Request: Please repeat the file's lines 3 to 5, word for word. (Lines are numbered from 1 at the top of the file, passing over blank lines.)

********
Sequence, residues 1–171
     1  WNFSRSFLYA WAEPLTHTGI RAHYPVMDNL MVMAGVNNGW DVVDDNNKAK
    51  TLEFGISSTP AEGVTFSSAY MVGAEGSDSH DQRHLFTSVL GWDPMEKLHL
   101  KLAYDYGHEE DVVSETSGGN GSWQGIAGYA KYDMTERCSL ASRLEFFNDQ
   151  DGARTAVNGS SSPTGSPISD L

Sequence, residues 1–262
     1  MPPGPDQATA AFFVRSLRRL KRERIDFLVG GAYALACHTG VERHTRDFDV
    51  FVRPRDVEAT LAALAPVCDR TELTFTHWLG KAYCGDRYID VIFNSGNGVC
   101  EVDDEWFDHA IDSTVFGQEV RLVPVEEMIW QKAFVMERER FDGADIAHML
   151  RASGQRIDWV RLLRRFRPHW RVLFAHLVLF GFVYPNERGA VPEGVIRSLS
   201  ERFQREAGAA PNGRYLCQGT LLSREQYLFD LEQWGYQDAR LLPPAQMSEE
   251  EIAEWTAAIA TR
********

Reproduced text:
    51  TLEFGISSTP AEGVTFSSAY MVGAEGSDSH DQRHLFTSVL GWDPMEKLHL
   101  KLAYDYGHEE DVVSETSGGN GSWQGIAGYA KYDMTERCSL ASRLEFFNDQ
   151  DGARTAVNGS SSPTGSPISD L